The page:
Improper to Instruct That an “Abiding Conviction” Means A Verdict “You Will Be Comfortable with … a Year from Now”
July 21st, 2016

In People v. Muniz [UNPUBLISHED] (2011) 198 CA4th 1324, at the beginning of voir dire, the judge instructed the jurors that in “plain English” an “abiding conviction” means “when you come to a verdict you will be comfortable with it the day you do it, two months or a year from now.”

The majority opinion on appeal concluded that “there is no reasonable likelihood that the jurors interpreted the trial court’s use of the word ‘comfortable’ to mean that they did not have to have an abiding conviction.”

However, as persuasively explained in the dissenting opinion, the judge’s definition was contrary to the California Supreme Court’s conclusion that the word “abiding,” in “abiding conviction,” means that the conviction is of a “lasting, permanent nature.” (People v. Brigham (1979) 25 C3d 283, 290-91.) Thus, the trial court erred when it instructed the jury that an “abiding conviction” may have a duration of a year or less.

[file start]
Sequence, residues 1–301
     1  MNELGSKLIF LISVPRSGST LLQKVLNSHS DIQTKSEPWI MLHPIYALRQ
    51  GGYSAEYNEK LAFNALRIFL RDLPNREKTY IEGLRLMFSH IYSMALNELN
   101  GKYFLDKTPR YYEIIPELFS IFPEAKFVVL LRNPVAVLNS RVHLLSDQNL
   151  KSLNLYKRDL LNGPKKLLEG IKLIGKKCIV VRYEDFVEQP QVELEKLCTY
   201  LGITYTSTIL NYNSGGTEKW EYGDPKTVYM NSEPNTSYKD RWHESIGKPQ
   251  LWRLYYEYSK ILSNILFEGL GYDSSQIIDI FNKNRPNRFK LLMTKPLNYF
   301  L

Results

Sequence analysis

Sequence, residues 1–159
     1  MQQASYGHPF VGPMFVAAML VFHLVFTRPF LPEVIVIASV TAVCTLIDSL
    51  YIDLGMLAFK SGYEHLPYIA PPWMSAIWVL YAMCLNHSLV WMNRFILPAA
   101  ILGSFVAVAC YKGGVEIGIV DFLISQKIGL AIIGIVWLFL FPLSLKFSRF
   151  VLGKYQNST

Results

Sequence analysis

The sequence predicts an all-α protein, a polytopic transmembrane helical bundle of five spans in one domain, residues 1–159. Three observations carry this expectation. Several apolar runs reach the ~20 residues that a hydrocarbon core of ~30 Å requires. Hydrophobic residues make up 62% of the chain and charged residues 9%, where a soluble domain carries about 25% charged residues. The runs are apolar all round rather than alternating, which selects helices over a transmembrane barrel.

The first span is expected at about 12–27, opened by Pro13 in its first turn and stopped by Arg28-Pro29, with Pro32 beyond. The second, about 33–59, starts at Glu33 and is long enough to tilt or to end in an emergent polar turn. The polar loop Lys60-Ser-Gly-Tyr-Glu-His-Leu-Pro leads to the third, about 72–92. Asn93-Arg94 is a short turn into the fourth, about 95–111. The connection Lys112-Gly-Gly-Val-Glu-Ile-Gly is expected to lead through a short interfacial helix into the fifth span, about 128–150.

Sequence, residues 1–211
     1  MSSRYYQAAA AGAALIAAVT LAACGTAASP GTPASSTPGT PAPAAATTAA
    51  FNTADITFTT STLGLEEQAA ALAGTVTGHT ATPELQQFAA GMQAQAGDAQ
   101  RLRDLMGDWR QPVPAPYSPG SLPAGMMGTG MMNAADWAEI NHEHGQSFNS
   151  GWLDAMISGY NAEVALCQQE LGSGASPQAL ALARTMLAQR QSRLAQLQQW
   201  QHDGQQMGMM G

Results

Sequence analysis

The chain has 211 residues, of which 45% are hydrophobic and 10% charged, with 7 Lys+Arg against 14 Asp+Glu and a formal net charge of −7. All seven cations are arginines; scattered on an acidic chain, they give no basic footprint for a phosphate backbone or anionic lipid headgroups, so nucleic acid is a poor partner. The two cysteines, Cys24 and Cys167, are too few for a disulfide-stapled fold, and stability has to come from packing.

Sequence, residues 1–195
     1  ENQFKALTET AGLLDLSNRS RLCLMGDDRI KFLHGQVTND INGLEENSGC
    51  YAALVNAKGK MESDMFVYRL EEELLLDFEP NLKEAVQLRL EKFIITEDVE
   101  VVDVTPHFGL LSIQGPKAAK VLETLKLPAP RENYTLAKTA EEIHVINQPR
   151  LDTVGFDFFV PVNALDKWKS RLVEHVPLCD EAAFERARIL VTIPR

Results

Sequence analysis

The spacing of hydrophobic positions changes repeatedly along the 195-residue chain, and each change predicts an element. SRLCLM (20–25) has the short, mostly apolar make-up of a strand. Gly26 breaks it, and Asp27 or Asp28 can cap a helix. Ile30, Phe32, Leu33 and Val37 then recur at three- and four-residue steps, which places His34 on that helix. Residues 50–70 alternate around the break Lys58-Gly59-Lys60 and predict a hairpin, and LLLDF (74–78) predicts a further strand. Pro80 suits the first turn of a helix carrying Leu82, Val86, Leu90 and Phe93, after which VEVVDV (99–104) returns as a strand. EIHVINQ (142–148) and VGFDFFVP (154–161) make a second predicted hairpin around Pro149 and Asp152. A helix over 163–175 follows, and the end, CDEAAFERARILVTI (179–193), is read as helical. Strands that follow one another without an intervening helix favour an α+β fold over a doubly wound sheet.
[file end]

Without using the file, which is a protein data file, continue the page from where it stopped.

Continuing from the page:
Moreover, “as to depth of feeling, the trial court instructed the jury that it need only be ‘comfortable’ with its verdict. The trial court’s comment devalues the rule that the truth of the charge must be “deeply felt” by the jurors. [Citation to People v. Light (1996) 44 CA4th 879, 885] Mere ‘comfort’ does not convey how strongly the jurors must feel about their findings of fact.”

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